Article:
The most vivid memory I have of childhood is sitting in the back of our dirty red Ford Orion on a violet-hued winter evening. Orange beads wash in from passing streetlights and throw chevrons of illumination across me and the boxes I hold close to my body. It’s March 1999, we’re returning from Norwich with my eighth birthday present, a large box I insist on holding, with a red vertical banner down its face, holding a Nintendo 64. Nestled between it and my chest, where it can’t fall, is a smaller box – black and gold – inside of which is a copy of The Legend of Zelda: Ocarina of Time.
The game was released the year before. First in Japan on the 21st November and then a couple of days later in the U.S., before finally appearing in the U.K. on the 11th December. I spent an agonising Christmas watching TV spots, reading magazine features, and knowing I wasn’t getting it, staring mournfully instead at the Sega Mega Drive in the corner.
Three months later, however, the Orion’s windows are corrugated with rain and Ocarina of Time is so close I can taste it. It’s hard to describe how it felt to own my first console in a house in which ownership of my belongings was fluid and influenced mostly by my parents’ moods. For this car ride, at least, the Nintendo 64 is mine. That won’t stop everyone else taking it: my father to play Castlevania 64 over and over, my brother to pretend it’s his when chatting to friends over games of Goldeneye, and my mother to punish me. But on that winter evening, swallowed by the dusty Orion’s seats, an N64 and, more importantly, Ocarina of Time belonged to me.
Ocarina of Time entered development in 1995 alongside Super Mario 64. The act of converting the formulae of three 2D The Legend of Zelda titles to 3D proved a challenge, however. Pushing Mario into the third dimension by 1996 had its own obstacles, but the basic tenets remained the same. You run, you jump, you reach the end. The Legend of Zelda, however, was a more complicated beast revolving around combat and exploration. The latter resulted in a more complex and engaging narrative, laden with mandatory collectibles, to give players a meaningful push to explore the extent of Hyrule.
The combat posed more of a problem. Nintendo had found in Super Mario 64 that the question of distance in two-dimensional space was complicated in 3D. The problem of how to judge a jump on a Goomba was never really answered. This lack of depth perception became simply another learning curve for players moving to 3D gaming. That wasn’t good enough for Ocarina of Time’s swordplay. The result was Z-targeting.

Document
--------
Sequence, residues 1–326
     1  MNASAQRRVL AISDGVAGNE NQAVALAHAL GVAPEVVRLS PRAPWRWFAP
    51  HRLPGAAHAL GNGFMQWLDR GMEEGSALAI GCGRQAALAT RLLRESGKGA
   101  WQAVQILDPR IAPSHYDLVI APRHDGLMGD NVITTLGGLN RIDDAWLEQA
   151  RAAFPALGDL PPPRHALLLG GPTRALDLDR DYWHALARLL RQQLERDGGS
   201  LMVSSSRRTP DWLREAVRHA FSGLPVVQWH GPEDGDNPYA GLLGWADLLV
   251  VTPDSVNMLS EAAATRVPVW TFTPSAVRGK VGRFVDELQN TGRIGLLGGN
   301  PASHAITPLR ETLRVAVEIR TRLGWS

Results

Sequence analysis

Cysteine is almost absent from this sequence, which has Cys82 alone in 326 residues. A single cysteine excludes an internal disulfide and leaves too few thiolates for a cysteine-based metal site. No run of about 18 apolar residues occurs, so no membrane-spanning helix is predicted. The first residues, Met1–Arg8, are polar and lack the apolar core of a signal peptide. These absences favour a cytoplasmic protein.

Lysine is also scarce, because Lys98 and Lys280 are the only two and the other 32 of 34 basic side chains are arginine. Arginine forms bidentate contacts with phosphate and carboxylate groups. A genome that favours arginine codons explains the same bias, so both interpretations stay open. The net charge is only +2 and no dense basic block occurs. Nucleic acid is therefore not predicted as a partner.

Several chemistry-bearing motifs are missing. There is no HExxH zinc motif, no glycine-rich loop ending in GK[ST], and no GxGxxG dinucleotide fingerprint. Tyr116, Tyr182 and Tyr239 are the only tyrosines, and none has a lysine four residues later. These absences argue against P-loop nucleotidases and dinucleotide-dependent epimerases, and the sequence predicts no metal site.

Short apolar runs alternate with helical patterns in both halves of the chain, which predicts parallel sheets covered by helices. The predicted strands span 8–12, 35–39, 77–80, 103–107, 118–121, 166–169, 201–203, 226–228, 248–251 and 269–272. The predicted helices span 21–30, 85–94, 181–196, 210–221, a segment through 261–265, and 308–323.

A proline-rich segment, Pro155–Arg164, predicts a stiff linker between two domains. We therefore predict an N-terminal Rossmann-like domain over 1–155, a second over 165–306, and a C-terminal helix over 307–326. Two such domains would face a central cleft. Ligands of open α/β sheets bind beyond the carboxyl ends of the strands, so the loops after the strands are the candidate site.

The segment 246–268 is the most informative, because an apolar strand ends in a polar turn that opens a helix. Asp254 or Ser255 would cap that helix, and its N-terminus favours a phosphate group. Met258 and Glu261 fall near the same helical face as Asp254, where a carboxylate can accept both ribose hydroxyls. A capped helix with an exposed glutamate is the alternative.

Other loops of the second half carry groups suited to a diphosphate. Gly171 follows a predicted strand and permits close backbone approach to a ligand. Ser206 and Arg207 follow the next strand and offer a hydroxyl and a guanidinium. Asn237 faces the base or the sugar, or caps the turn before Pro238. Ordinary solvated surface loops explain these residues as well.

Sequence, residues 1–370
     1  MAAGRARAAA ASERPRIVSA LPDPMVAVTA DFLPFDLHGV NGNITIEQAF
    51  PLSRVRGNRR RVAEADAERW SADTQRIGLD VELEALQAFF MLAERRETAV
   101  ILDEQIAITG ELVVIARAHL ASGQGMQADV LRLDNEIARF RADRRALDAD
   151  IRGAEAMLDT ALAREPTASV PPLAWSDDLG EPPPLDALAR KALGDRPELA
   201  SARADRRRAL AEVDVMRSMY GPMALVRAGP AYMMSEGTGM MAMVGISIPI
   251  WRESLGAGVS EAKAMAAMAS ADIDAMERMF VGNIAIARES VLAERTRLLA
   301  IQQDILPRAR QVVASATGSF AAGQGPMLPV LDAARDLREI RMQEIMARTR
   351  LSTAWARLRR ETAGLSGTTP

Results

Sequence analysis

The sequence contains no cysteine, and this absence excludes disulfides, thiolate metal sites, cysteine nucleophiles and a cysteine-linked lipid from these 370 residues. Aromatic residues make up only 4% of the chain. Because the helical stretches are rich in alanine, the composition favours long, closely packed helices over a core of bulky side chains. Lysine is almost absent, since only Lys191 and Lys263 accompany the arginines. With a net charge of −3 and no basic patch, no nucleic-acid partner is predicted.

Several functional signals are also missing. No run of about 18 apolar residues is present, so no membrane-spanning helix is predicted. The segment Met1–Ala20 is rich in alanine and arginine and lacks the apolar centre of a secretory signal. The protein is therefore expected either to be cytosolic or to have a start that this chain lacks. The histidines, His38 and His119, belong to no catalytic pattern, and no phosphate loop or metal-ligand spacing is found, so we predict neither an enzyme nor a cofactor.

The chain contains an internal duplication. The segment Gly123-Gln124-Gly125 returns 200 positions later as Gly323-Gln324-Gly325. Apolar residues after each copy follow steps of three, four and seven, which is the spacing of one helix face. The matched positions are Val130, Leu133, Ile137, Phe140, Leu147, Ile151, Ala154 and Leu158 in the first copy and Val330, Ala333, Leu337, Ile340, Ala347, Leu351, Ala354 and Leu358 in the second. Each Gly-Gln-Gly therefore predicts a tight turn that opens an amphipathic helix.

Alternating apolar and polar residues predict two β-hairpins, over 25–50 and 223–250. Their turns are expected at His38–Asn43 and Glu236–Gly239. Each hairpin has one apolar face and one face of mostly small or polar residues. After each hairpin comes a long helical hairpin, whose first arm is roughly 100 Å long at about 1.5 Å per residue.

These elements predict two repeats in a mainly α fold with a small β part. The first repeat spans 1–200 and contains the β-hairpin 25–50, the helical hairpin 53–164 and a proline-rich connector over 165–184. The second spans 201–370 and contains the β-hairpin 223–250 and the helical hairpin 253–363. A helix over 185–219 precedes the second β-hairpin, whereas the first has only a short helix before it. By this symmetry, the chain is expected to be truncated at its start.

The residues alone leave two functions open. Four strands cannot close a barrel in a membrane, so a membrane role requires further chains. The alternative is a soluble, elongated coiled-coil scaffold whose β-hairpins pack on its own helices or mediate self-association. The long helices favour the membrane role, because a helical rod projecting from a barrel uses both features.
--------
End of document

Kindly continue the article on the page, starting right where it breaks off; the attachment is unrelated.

Both of these solutions may seem rudimentary to us now, not least as some form of Z-targeting remains the basis for third-person combat today. But in the late-1990s, we’d never seen anything like it.
It’s tempting, with the benefit of a quarter of a century’s worth of hindsight, to look at Ocarina of Time through a modern lens, to ply it with nostalgia and recency bias in equal measure in an attempt to re-evaluate it through unfair comparisons. To do so, I believe, would be a mistake. To understand the game 25 years later, you have to understand the mind of that child hugging his copy in the back of his parents’ car and appreciate that, in that moment, it wasn’t just a game.
I never wanted Ocarina of Time; I dreamed it. Watching Ganondorf loom in 3D against a backdrop of thunder and lightning in its 1998 advert was, to me, the most vivid and magical thing I’d ever seen. And it stayed with me. Watching the advert back now is to remember when wants and needs were startingly simple, when the ability to suspend disbelief came so naturally, and when happiness existed at the end of a video game controller. For a few months, I genuinely believed I needed Ocarina of Time.
I wasn’t the only one. The playground filled with children playing “Zelda” long before the game came out. They were joined by pedantic kids like me, pointing out to insecure boys that Zelda was, in fact, the girl, and watching them desperately attempt to shed the role they’d argued most of their playtime to get.
Sent home from school to write a weekend diary, recording my mundane childhood felt pointless. Instead, I wrote an elaborate self-insert story in which I was part of Ocarina of Time’s world. Now, it would be regarded as a piece of limp fanfiction. Then it was, according to my teacher, a “cause for concern” that threatened to send me to a psychologist. Such was Ocarina of Time’s influence at my school that the headmaster banned pretending to fight with swords – the same square would later ban Pokémon cards.
We’d seen The Legend of Zelda games before, even 3D adventure games. But Banjo-Kazooie, Spyro the Dragon, even Final Fantasy VII – none elicited such an all-encompassing and passionate response. This was something not equalled until Pokémon appeared a year later and eclipsed every other available childhood interest. So, to say Ocarina of Time was one of the most formative experiences of my youth would be far from hyperbole.
Looking back now, we know what Ocarina of Time is. Tens of thousands of words have been devoted to analysing its foundational influence on modern gaming, hundreds of games overtly draw upon it, and it’s no surprise that it endures today when most contemporary series have shambled into irrelevance. Yet, 25 years on, I’m not interested in its technical achievements, its influence, or its modern imitators. I think about that child in the back of his parents’ car holding onto Ocarina of Time for dear life, frightened it could be taken away, yet for that moment feeling like he had something of his own. No hand-me-downs, no disappointment, only anticipation. For one blissful moment, 25 years ago, for all else it achieved, Ocarina of Time made someone happy.